One of the primary aspects of the Olympic lifts that makes them so effective is the all or nothing nature of them. You either complete the lift or you don't. Either you exhibit the explosiveness, technique, and strength necessary to throw the weight over your head, or you fail. You can't lazily perform a power snatch or a jerk. Just like hitting a big throw, Olympic lifts force you to muster every ounce of energy you possess to succeed.
There are infinite variations of Olympic lifts that you can implement into your training depending on the time of year or a specific goal that you are trying to achieve. Want to build strength and explosiveness simultaneously? Try cleans with a pause in the hole. Want to coordinate your upper and lower body with a huge load? Try behind the neck jerks like Sam Mattis's 500lb jerk shown above.
Speed sets are where you attempt to perform a set as fast as possible. We typically implement speed sets with benches and squats while using 50% or lower of the thrower's 1 rep max. One way to make the lift more engaging is to time the sets. Perform the same weight for 4 sets of 5 reps and try to achieve a faster time each set.
Just like developing more power in the throw, trying to move a barbell as fast as possible requires the thrower to will themselves to move faster. As they are continually challenged to increase the speed of their movement against a heavy load, their nervous systems will find new pathways to increase the firing rate of the motor unit, effectively training the muscles to contract faster.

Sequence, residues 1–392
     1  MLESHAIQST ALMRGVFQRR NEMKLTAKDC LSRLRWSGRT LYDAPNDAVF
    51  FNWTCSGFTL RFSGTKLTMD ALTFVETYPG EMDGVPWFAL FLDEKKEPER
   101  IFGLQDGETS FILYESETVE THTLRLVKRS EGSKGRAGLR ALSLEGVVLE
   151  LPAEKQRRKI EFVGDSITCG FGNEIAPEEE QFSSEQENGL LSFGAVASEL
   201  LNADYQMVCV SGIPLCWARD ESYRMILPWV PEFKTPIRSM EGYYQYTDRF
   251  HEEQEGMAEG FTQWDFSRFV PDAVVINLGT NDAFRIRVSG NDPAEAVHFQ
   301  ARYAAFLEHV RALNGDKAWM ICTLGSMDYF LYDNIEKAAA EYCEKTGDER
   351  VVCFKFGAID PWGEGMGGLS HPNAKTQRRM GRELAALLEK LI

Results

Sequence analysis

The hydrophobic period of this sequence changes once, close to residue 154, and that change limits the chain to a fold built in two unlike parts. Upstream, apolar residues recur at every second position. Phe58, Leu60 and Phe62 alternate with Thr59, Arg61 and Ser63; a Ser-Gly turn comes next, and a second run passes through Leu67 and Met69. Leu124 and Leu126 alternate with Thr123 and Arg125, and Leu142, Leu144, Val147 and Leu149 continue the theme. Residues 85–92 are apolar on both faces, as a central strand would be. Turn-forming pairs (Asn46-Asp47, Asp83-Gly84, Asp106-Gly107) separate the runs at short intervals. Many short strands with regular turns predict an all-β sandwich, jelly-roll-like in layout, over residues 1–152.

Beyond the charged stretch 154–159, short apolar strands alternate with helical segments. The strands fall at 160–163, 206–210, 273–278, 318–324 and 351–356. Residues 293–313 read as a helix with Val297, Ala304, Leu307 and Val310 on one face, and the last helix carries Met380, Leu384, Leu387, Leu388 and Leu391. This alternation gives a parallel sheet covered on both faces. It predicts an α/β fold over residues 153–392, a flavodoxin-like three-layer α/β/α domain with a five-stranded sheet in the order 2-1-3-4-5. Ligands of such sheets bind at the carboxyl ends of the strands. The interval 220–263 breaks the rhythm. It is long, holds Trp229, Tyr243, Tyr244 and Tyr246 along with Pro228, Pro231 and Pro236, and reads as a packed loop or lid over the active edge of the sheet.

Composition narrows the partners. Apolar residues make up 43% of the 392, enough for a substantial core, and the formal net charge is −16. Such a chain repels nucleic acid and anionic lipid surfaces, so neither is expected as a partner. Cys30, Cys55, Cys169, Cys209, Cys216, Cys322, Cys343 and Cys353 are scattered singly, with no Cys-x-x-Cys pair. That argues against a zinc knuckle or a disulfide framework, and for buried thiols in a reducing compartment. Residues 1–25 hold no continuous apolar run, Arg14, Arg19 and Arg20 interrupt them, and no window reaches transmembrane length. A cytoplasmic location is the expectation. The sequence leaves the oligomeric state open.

Plyometrics such as hurdle hops, jump lunges, or clap pushups, are a great way for any thrower, whether they have a fully fitted gym or not, to train explosiveness. The key benefit of plyos is that they train body control, coordination, and weight distribution during rapid movement. Learning how to move and control the body is essential to a thrower's success. Whether spinning or gliding, the thrower must be able to position their body properly in the ring, be able to come off of their feet rapidly, and transfer the distribution of their body weight from one foot to the other.
It should be mentioned that throwing is simply one of the best ways to increase explosiveness in the throw. However, exercises that take similar movements to the throw but add a greater load capitalize on the movement for additional gains. These exercises are called "specific strength" as they develop strength specific to the throwing movement.
One of the best attributes of specific strength exercises is that they can be performed as rapid reps in a set, unlike the throw. For example, the side med ball throw allows the thrower to explosively perform the rotational movement of the throw time after time, smashing the med ball into the wall.
Another exercise, such as the dumbbell half-turn, is very specific to the throw, but such a heavy load forces the thrower to move their bodies more efficiently to overcome the greater amount of force acting against them. Specific strength exercises, when performed with the intention of being as explosive as possible and executing the same technique used in the throw, are an easy way any thrower can become more explosive.
Training to be more explosive is very possible. No matter what level you are at, there are exercises you can implement into your training to develop more power in your throw. We encourage you to try adding Olympic lifts, speed sets, plyometrics, and specific strength to your workout, as long as you make the focus on each lift technique, efficiency of movement, and speed. If you would like a program where we lay out all of these exercises for you in a complete training program, just like we use with our national and world-class throwers, click HERE!
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- Dane and Trevor